Pitch(ing coach) Perfect: Matt Schissel’s mental side
By Shane Hulsey
When you’re a struggling pitcher, especially a struggling college pitcher, getting those bad memories out of your head is the first step toward moving on. But it’s a lot easier said than done.
Just ask Quincy University pitching coach Matt Schissel, who pitched at Central College in Pella, Iowa, before coming to QU as a graduate assistant in 2017.
“I honestly never really got good at (moving on),” he said. “If I struggled, I felt like I would struggle the next week…and the next week.”
But Schissel, who is in his first year as QU pitching coach, said his struggles in this aspect have made him a better coach.
“I tended to overthink a lot,” he said. “I had a very mentally heavy approach on the mound, and I try to keep our guys away from that. Every week they know how we want to pitch certain guys, how we’re trying to get outs, who’s going to pitch when, those types of things. Knowing those things going into a game allows guys to understand their role and visualize when they could throw and when they can’t.”
As much as pitchers want to limit their mental distractions and “stay in the moment,” so to speak, it’s important to look back on previous outings and evaluate them. Schissel said it’s as simple as taking an elementary school concept and applying it to pitching…but it’s not really that simple.
“Whoever it is, it’s about relating back to certain games where they did really well, and then getting them back in the right frame of mind.
“What was different from a game where you were really good compared to a game where you struggled? What did you do different? What was different during the week? Did we change something? Was your bullpen different? Was it worse? Better? I just try to find similarities and differences between their weeks and compare and contrast.”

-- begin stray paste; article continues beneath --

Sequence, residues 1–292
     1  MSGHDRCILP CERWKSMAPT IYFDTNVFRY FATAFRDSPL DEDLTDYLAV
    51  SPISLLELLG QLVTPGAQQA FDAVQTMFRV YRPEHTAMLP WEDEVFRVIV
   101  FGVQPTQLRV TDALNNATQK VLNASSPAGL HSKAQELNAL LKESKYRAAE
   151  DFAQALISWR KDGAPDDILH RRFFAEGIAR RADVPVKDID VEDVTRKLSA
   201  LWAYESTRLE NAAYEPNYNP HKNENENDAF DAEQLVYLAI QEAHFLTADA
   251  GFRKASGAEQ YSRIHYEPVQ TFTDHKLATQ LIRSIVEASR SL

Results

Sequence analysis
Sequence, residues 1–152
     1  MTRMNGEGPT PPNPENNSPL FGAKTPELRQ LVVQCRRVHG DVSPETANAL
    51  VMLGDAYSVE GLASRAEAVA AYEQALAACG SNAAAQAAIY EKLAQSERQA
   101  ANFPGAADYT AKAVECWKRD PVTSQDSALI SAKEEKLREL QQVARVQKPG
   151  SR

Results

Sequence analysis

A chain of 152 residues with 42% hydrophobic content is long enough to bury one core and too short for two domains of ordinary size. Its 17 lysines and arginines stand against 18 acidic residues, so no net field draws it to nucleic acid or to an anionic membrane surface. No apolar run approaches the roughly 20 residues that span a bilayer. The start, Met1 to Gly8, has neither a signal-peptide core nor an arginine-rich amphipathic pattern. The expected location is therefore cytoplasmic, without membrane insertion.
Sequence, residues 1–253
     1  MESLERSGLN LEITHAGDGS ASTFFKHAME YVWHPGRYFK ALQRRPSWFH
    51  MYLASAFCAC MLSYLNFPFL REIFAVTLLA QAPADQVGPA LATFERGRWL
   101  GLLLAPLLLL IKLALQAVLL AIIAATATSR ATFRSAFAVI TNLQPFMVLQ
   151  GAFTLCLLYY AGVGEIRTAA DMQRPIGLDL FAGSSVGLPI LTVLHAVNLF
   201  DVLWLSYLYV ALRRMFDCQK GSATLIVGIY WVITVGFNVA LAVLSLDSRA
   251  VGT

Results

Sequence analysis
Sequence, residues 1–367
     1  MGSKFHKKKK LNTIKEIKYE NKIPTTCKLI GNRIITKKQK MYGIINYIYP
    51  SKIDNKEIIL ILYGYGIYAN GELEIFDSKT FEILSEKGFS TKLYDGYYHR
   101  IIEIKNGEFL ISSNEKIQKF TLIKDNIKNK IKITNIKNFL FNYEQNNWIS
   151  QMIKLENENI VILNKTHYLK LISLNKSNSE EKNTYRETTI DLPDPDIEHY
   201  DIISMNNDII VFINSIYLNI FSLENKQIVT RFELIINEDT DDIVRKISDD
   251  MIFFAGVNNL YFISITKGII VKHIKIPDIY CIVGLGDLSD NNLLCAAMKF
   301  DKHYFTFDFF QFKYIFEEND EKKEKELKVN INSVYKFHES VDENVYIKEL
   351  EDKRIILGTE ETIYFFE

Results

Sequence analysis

In some cases, these reflections can take pitchers back longer than just a few weeks.
Dalton Overstreet missed the entire 2017 season after undergoing Tommy John Surgery and had a 9.00 ERA in just 11 innings in 2018. Between 2016 and 2018, Overstreet threw just 28 innings for the Hawks and his ERA during that time was north of 10.00.
His redshirt junior season has been a much different story.
As of April 24, 2019, Overstreet had started six games and tossed 32 innings. His 3.94 ERA puts him third on the team among pitchers who have made at least one start. This includes an April 19 start against Bellarmine in which he gave up six runs in three innings. Prior to that game, his ERA was 2.48 in five starts.
When Overstreet struggles, Schissel points back to, and encourages him to reflect on, this journey.
“Knowing the hard work he’s put in, I relate back to that and push on that,” Schissel said. “I tell him, ‘Think about all the work you put in to come back from Tommy John. Think about the work you put in over the offseason, the summer, the fall, and the winter.’ When he struggles, it’s about relating back to those things that put him in a good frame of mind.”
Pitch framing has become an area of more and more emphasis in recent years. This type of framing can get pitchers a couple extra strikes and is undoubtedly one of the most valuable skills a catcher can possess.
But for the player standing 60 feet, 6 inches away on the mound, the framing goes on where no one sees it.
What goes on between the ears of a pitcher is just as important as what goes on between the white lines.